BCM v27 (1907) p542

Apr-16-18  zanzibar: Notice that the BCM obit mentions him dying in his "fifty-second year". Edwards notes Sergeant copies this slight mistake:


Nov-15-20  BIDMONFA: Walter Montagu Gattie

GATTIE, Walter

Premium Chessgames Member
  Chessical: <We regret to record the death at Bournemouth, on Sunday, of Mr. Walter Montague Gattie, of Kenford, Tonbridge. The deceased gentleman, who was 53 years of age, was Post-Office Surveyor for the South-Eastern district.>

"Kent & Sussex Courier", Friday 22nd November 1907, p.7.

<The death is announced of the distinguished amateur Mr. Walter Montagu Gattie at Bournemouth on the 17th inst. Mr. Gattie was born in London on July 21, 1854, and was educated at Brighton College and Christ Church, Oxford, where he obtained three exhibitions. He graduated in high mathematical honours and afterwards entered the Civil Service by competition.

From Somerset House, he was transferred to the Post Office, where he occupied a confidential post in the secretary's department, and subsequently, he became post-office inspector of the South Eastern District.

Although Mr. Gattie's chess career dates back from his undergraduate days, it is remarkable that he should have attained a leading position in the amateur chess world of the time amongst men like Thorold, Wayte, Owen, Skipworth and Ranken, as his spare time was also devoted to literature and music. He not only won the amateur championship of the British Chess Association but also the Lowenthal cup at the St. George's Chess Club, of which institution he was a prominent member, as well as of the British Chess Club. He won games from Burn, Pollock, Gunsberg, and from the leading amateurs of the time, and in the London (Vizayanagaram) (1883), only just missing a prize, he distinguished himself by beating the first prize winner, Herr. v. Bardeleben (the only game he lost), and Gunsberg. Re-entering lately the chess arena by joining the Metropolitan Chess Club, he also took part in the Masters' Tournament at Ostend, 1906. The following game between the late Mr. Gattie and Bardeleben alluded to above:>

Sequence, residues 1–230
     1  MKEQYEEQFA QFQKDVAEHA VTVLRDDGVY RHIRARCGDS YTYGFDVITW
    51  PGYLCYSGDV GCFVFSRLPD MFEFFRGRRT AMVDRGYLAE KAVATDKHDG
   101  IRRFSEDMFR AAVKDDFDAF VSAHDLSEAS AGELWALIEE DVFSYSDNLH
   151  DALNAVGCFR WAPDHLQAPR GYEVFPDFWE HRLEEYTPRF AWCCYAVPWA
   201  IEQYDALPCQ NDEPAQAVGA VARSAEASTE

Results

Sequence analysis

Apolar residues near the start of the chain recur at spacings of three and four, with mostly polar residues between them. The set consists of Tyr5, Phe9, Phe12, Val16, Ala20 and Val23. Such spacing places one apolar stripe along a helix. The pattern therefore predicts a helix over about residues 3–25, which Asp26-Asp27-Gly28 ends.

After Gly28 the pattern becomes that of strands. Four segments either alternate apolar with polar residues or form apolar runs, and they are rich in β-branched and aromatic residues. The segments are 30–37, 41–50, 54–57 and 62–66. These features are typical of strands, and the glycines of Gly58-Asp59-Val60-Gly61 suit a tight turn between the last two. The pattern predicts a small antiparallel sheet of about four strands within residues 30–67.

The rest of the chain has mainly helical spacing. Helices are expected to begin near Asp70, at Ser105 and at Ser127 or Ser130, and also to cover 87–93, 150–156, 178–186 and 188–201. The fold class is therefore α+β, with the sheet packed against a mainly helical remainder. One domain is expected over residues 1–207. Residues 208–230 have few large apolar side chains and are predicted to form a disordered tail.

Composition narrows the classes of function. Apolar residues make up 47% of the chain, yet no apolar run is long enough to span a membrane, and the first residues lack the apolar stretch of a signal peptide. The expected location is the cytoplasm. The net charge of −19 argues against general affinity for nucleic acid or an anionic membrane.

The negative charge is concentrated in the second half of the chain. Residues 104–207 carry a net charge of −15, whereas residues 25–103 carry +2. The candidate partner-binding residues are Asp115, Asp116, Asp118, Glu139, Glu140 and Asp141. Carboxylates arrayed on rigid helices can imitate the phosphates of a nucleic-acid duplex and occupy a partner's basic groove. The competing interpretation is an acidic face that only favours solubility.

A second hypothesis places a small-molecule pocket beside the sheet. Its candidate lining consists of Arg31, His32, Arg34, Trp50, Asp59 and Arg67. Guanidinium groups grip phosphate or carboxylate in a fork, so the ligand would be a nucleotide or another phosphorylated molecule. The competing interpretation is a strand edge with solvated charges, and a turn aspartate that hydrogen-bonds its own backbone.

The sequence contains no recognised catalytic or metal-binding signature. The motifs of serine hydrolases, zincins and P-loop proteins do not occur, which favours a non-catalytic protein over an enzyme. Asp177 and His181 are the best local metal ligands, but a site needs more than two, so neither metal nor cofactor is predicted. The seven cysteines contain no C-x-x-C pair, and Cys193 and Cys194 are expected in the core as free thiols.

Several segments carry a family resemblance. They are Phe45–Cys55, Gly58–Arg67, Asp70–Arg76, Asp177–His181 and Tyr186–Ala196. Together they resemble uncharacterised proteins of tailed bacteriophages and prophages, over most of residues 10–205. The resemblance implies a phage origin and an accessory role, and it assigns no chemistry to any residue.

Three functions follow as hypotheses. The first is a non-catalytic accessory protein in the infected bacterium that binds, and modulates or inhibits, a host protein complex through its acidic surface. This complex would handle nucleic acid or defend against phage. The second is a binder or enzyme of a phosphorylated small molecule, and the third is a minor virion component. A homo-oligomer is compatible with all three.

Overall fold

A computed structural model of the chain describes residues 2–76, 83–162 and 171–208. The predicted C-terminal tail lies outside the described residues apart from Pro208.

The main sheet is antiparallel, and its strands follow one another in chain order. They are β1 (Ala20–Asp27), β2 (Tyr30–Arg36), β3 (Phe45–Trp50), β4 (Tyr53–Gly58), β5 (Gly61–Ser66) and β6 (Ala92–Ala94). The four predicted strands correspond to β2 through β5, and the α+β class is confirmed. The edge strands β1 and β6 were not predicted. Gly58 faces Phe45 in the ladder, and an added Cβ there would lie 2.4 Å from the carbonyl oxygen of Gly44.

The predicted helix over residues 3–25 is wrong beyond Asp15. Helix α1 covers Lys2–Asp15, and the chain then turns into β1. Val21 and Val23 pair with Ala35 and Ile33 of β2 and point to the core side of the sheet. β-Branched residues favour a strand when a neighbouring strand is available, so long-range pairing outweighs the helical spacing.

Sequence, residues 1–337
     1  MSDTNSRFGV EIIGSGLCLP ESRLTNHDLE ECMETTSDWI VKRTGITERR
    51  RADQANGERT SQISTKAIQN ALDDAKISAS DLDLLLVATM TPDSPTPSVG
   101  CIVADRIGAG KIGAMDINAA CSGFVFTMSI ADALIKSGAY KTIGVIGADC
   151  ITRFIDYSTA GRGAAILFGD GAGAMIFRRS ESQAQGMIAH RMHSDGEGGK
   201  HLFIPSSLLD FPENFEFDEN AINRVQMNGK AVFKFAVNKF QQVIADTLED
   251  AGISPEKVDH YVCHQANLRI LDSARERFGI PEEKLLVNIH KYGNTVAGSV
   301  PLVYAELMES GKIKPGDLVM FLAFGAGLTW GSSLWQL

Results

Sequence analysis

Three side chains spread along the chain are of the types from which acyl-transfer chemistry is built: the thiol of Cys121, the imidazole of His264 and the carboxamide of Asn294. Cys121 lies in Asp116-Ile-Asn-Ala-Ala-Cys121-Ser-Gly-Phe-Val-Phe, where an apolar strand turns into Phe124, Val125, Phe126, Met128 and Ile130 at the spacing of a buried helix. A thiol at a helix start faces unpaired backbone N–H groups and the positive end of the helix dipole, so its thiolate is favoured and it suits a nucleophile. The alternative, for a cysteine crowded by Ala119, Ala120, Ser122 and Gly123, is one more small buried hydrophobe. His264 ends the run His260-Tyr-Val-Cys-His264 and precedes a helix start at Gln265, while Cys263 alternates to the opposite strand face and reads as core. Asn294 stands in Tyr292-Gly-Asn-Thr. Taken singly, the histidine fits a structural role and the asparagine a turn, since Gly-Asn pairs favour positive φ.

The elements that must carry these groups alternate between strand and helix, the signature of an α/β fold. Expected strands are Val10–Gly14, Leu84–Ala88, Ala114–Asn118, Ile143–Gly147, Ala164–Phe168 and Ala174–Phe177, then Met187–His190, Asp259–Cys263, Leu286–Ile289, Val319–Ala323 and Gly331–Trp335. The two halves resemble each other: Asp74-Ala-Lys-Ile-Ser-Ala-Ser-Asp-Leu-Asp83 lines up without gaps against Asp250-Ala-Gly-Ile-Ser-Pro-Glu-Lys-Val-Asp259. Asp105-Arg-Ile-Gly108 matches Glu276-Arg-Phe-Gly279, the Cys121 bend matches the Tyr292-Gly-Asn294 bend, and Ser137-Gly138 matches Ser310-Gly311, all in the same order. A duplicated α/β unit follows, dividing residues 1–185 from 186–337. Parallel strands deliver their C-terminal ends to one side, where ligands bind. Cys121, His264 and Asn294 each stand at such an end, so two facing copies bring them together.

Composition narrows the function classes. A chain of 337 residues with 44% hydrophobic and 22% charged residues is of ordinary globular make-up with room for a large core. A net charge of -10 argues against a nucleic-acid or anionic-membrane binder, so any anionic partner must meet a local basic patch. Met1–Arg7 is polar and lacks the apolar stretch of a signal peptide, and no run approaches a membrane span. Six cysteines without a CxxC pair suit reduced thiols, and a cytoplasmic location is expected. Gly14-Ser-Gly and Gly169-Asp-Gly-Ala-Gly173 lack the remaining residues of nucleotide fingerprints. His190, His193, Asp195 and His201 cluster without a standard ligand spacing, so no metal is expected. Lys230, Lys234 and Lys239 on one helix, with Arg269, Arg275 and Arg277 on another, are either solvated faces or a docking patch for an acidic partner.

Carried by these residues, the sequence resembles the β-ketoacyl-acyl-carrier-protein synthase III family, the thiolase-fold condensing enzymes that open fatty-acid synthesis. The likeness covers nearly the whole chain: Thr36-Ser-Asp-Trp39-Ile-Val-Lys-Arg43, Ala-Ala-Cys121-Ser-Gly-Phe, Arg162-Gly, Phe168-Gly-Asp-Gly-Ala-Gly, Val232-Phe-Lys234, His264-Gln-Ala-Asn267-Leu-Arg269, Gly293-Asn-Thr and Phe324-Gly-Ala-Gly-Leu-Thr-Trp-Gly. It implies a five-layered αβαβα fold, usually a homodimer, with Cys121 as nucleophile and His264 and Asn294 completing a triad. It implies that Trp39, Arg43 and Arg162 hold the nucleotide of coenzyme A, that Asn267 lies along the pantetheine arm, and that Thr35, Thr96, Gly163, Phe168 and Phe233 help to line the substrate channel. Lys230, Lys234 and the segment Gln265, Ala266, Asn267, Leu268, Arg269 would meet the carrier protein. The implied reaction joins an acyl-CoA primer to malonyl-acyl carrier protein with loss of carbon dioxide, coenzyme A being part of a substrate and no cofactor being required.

W M Gattie vs Von Bardeleben, 1883

"The Field", Saturday 30th November 1907, p.32.

Jul-20-22  stone free or die: gg